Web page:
Following the Virtual Worlds fall conference last week, there’s some interesting fallout. First, a big WTF? to Microsoft, whom I’d given ample credit for having their heads on straight with respect to virtual worlds. Afterwards, I’ll cover the Linden/IBM "synergy."
I’d previously written that the Virtual Worlds conference would be a bad place to announce a Microsoft PC/XBox cross-over 3D world because of the lack of gaming press on hand with which to massage the message. Well, they did even worse than announce such a thing. They soft-announced that they’re still working on such a thing but that it’s a) not ready and b) might suck. That’s how I interpret the phrase "if a year from now we don’t have anything, then we probably won’t have anything."
So not only do they still look like they’re copying Sony’s Home (which was itself an evolution of existing ideas — apologies to a friend of mine to who helped influence the design), but Microsoft now looks like they’re afraid of this market. Brilliant!
In not completely unrelated news, following the big IBM/Linden announcement from last week about working on inter-world interoperability, it turns out both companies have created some controversy by inviting 30 companies to a summit to discuss this great news, while issuing a press release listing Linden and IBM as the forces involved. Hint: if you’re trying to create a voluntary consortium, you might need to give some credit to the other players. Compared to the MMO gaming space, Linden and IBM are bit players.
More than that, people are grumbling about Linden being the wrong company to spearhead this initiative. It seems there’s some animosity towards the old prim-based walled-garden out there. And it’s understandable. Second Life is only capable of supporting about 50 avatars on a single simulator. And the theoretically great "stream objects only where you look" approach is currently more like "where the hell did the world go?"
Why should everyone else limit themselves when there are better technologies out there?
It’s a perfectly valid question. Even for "primitives" (which I originally wrote for them as a consultant) the key thing to understand is that the procedural geometry they’re currently using is extremely limited compared to what’s theoretically possible. That’s all they wanted at the time, spheres, cubes, and cones. And that’s as far as my work for them went on that front, despite many hours spent trying to convince them of the value of things like scenegraphs, spatial scoping, and dynamic 3D impostors.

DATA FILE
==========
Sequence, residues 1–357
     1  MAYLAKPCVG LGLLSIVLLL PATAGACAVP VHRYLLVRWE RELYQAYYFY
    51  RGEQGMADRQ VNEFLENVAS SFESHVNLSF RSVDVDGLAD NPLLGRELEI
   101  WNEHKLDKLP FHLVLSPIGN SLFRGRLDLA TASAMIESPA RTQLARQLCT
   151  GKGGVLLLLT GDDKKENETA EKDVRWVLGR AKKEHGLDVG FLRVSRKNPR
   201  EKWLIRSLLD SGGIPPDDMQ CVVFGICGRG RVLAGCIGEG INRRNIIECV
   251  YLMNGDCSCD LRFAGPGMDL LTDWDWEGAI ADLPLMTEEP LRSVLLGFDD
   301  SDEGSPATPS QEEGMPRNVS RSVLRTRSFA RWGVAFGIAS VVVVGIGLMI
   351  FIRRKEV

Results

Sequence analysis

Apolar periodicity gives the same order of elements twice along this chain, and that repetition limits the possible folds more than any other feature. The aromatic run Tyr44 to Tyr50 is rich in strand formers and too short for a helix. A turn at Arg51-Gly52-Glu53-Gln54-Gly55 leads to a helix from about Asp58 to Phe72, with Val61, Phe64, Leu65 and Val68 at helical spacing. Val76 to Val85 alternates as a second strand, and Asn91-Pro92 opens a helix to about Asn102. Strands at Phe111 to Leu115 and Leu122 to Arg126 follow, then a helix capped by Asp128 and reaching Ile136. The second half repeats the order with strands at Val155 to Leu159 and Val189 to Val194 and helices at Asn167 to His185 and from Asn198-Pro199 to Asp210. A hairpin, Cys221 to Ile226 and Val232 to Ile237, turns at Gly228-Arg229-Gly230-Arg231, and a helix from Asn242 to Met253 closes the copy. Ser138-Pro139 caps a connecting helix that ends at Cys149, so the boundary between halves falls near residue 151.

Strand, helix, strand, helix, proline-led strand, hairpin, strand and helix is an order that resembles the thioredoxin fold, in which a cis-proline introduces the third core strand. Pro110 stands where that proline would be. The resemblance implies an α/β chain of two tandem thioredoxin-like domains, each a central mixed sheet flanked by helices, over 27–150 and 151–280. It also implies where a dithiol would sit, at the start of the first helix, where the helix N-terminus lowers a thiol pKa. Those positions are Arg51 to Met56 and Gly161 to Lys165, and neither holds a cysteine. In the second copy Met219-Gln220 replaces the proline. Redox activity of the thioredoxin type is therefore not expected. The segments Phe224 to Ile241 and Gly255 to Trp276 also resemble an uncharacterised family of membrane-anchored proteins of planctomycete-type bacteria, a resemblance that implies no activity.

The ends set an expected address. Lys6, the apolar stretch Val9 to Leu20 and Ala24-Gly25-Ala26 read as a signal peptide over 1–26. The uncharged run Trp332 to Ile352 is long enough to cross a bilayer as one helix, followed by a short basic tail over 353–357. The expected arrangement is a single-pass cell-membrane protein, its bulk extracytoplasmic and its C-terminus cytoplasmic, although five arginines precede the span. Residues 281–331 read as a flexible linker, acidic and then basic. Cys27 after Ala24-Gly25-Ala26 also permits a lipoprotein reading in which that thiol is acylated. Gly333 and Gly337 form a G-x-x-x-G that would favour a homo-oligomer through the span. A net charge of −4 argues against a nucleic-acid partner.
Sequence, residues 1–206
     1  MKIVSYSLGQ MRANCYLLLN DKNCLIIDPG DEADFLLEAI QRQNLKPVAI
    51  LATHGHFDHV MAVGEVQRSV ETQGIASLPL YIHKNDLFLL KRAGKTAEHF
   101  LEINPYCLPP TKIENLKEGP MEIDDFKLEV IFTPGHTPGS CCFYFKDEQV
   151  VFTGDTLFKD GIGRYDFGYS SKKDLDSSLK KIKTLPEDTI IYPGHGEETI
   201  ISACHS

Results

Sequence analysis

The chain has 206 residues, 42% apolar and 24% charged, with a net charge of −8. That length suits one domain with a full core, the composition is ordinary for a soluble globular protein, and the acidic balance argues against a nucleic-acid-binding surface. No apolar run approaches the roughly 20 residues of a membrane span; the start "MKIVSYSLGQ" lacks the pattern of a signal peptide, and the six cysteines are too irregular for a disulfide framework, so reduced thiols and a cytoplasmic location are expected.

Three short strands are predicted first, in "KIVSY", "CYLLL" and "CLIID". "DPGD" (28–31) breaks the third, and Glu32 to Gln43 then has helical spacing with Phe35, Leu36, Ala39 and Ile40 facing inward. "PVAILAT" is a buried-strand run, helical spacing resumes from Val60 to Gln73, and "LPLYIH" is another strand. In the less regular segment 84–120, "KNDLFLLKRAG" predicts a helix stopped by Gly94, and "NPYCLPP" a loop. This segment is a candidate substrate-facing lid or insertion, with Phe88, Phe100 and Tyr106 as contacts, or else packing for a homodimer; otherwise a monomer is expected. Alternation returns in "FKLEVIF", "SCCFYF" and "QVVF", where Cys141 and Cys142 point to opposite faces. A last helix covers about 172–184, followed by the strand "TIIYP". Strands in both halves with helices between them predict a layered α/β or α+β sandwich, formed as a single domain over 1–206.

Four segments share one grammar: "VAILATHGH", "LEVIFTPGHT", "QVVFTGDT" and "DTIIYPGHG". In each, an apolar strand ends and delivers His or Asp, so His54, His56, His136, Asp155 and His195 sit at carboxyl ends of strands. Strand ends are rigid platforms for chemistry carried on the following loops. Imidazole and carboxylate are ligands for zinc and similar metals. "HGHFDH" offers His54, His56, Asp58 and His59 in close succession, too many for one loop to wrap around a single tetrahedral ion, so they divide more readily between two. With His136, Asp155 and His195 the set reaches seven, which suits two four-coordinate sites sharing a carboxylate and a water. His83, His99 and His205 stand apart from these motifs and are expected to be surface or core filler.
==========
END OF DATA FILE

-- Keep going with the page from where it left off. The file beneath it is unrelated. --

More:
And though I’ve pitched the potential of a real procedural geometry system for them, capable of expressing very sophisticated shapes (more along the lines of Spore’s amazing work), and perhaps even capable of importing/exporting 3D shapes from outside, those discussions never panned out, and perhaps never will.
It makes me sad. Because when it comes down to it, procedural geometry is the future and Linden has it at least partly right. Polygons are still useful for optimized rendering at the hardware level, at least until triangles grow so small and plentiful that storing them makes no sense (more on that some other time). But if there really was a "standard format" for conveying assets between worlds, it would need to live at such a high semantic level that polygons wouldn’t make much sense anyway.
But Linden seems to have perturbed enough of the other VW developers with their recent press vs. performance that, right now, pushing for a shared semantic standard for interchanging object and avatar definitions is probably unrealistic.
A long time ago, I speculated that after Linden opens its grid and formats and there are many suppliers of sims and clients, that the most likely role for them is as the arbiter of trust and action in virtual worlds — the company we trust to validate identity and spatial/temporal/monetary transactions.
But trust is hard to come by. And though people in the industry (myself as well) have the highest possible respect for all of the individuals in Linden, the company as a whole is, at least right now, not going to win on the technical merits or good will.
If they succeed in raising a lot of capital next year with their rumored "liquidity event," they may indeed become the VeriSign of Virtual Worlds, but perhaps not in the positive ways I was hoping for.